Time For Year-End Tax-Loss Harvesting

If you invested in Apple (NSDQ: AAPL), Amazon (NSDQ: AMZN), or Tesla (NSDQ: TSLA) this year, you are probably sitting on a large amount of capital appreciation. Should you decide to sell any of thoss positions before year-end, you will face short- or long-term capital gains.

A short-term capital gain occurs if you held an asset for less for one year before selling it. Short-term capital gains are subject to taxation as ordinary income.

For assets held longer than one year, you will benefit from a more attractive long-term capital gains tax rate. The long-term capital gains tax rates are 0%, 15%, or 20% depending on your taxable income.

Accordingly, one consideration as we head into the end of the year is how long you have held a security. By paying attention to the timing of your sale, you can save yourself quite a lot on your tax bill.

But you can save even more on your tax bill by offsetting those gains with any losses in your portfolio. This is the time of year that you should start to look over your portfolio and make those kinds of strategic decisions.

Tax-Loss Harvesting

Several sectors have been battered this year. You can take advantage of those companies that are in the red to offset those that are in the black. This strategy is called tax-loss harvesting and it can lower your taxable gains. But it also means that companies that are down for the year can face increased selling pressure in December. That’s why I prefer to do my tax-loss harvesting in late November.

You can even sell a company that you still like, but be careful about the “wash sale” rule in the tax code. This rule prohibits a taxpayer from claiming a loss on the sale of a security and then buying a “substantially identical” security within 30 days of the sale.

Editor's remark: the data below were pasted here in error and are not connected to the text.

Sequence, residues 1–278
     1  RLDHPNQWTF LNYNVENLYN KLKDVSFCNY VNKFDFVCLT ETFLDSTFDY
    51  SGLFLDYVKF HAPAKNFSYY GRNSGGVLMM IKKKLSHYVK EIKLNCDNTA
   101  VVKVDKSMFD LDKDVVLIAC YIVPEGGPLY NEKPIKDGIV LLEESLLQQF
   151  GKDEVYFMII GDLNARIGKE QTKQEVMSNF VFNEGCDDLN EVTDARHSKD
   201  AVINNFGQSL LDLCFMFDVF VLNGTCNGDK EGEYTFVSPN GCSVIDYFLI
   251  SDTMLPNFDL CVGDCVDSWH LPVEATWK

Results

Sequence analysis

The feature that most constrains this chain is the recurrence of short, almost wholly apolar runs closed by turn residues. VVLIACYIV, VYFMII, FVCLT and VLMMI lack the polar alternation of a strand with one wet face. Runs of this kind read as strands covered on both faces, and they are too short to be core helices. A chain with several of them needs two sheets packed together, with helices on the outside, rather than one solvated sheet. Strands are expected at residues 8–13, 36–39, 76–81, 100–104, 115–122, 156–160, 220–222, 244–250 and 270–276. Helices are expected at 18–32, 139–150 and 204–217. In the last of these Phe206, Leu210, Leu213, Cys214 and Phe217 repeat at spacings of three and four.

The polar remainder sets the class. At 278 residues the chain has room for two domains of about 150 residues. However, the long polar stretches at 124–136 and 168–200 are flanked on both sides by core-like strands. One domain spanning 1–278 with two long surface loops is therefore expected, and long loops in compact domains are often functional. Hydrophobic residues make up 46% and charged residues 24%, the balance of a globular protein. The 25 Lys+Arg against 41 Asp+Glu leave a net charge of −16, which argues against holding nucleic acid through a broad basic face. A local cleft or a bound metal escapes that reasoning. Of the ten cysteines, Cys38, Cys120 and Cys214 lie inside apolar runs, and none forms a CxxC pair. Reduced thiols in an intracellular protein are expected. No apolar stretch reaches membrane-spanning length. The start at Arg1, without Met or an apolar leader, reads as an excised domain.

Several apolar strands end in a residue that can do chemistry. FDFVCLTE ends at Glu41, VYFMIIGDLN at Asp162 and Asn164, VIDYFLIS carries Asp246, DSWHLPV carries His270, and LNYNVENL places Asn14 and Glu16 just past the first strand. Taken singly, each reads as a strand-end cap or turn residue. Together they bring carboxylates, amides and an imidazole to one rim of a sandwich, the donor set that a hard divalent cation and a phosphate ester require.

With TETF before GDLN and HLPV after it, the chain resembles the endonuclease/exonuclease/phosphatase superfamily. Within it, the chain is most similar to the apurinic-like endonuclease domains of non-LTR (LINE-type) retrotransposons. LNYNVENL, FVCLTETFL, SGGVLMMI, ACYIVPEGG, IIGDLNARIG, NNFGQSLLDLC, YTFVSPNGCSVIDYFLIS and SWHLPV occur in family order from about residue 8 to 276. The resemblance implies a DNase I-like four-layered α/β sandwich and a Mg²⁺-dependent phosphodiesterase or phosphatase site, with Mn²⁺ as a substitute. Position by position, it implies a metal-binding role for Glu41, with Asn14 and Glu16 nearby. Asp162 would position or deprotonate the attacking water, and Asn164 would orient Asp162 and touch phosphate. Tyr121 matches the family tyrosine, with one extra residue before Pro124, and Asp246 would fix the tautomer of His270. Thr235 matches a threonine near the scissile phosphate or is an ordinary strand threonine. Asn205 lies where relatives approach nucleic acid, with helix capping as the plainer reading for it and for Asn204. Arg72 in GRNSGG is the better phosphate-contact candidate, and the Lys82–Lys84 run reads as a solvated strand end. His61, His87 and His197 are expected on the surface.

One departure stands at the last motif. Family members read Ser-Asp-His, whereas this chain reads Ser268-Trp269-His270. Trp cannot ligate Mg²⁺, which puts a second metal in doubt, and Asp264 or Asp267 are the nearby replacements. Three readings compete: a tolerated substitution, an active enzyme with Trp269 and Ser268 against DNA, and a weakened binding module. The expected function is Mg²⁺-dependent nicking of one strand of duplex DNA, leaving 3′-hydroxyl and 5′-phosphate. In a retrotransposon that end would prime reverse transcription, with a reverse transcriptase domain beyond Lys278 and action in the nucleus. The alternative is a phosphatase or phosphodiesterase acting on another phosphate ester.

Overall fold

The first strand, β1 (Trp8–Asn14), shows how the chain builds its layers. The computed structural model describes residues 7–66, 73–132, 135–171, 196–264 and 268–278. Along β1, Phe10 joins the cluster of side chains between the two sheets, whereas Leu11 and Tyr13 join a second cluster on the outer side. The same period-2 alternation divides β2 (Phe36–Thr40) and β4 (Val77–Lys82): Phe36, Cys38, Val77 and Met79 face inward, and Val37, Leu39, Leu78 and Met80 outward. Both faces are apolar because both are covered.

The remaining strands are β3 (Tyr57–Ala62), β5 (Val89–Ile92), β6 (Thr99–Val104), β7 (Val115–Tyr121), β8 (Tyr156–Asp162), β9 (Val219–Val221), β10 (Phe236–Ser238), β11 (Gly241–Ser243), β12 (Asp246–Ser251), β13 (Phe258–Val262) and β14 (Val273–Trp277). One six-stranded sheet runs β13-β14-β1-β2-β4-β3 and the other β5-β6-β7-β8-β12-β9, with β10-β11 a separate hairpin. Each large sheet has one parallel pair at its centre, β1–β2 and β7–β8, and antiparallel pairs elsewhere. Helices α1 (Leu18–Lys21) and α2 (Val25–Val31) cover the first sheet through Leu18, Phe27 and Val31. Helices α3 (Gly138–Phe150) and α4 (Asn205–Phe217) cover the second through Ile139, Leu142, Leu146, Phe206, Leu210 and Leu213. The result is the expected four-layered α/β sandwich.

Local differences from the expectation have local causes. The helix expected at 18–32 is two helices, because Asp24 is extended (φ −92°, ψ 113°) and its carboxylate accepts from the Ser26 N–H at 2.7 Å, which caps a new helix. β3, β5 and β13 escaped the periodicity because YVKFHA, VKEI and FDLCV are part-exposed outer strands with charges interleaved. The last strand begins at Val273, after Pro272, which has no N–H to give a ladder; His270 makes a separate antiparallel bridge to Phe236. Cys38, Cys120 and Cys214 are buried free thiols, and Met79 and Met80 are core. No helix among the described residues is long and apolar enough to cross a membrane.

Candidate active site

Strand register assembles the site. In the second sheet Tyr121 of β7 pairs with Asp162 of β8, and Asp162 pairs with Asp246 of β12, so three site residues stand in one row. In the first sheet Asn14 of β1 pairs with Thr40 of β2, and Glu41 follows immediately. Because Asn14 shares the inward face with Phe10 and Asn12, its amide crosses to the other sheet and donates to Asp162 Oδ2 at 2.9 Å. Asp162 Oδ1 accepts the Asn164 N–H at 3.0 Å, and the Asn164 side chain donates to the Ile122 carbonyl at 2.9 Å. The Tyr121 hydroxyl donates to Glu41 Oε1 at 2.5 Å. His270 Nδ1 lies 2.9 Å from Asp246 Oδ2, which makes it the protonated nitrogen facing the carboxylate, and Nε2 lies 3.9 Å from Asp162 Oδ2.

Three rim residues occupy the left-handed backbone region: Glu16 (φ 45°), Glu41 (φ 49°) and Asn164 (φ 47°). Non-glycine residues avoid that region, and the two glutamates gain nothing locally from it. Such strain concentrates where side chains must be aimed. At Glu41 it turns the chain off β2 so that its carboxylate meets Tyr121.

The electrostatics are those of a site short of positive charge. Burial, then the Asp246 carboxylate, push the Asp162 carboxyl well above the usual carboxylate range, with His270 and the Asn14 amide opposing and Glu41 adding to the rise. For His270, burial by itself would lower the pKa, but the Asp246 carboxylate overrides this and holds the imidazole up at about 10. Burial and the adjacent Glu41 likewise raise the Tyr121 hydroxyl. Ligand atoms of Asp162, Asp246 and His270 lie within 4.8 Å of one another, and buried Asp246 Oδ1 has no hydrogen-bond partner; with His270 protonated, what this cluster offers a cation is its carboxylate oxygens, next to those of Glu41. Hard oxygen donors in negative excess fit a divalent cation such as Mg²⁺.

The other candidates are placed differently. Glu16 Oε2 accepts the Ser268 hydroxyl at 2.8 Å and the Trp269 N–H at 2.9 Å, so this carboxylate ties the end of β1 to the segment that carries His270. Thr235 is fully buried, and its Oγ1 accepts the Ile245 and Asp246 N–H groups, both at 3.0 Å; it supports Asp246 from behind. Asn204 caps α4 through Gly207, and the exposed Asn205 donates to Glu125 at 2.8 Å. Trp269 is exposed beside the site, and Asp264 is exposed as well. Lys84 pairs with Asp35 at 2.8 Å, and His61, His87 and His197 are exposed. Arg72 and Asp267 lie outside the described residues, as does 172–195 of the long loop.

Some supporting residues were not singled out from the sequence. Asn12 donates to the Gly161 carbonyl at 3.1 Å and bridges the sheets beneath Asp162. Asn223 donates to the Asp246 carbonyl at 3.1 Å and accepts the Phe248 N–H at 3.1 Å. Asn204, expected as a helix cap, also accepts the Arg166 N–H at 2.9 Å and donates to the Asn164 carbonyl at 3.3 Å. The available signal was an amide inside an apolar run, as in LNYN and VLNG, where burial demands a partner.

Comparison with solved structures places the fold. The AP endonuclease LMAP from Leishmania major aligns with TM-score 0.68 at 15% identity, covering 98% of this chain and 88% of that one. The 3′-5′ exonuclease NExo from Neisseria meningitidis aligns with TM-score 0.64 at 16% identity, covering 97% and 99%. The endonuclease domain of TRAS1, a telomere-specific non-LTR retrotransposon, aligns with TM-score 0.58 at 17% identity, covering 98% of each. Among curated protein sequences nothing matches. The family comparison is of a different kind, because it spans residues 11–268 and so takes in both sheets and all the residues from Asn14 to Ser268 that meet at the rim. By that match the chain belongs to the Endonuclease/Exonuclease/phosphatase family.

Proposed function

What does “substantially identical” mean? It obviously covers selling and buying back common shares in the same company within 30 days. However, an S&P 500 index fund run by one company may be deemed by the IRS to be substantially identical to an S&P 500 index fund run by another company.

I can’t sell shares of a hard-hit oil company like ExxonMobil (NYSE: XOM), claim a loss on the sale, and then buy back shares of ExxonMobil within 30 days. But I could replace my ExxonMobil with shares of Chevron (NYSE: CVX). That would be a way to lock in losses for tax purposes, while maintaining the same sector exposure.

I would certainly rather be looking at gains across my portfolio, instead of locking in losses to offset gains. But investors must use every tool at their disposal to maximize returns. In this case that may mean taking a loss to minimize the check I have to write to Uncle Sam.

But you may not want to wait until December to do it, because that’s when lots of other investors will be employing the same strategy.

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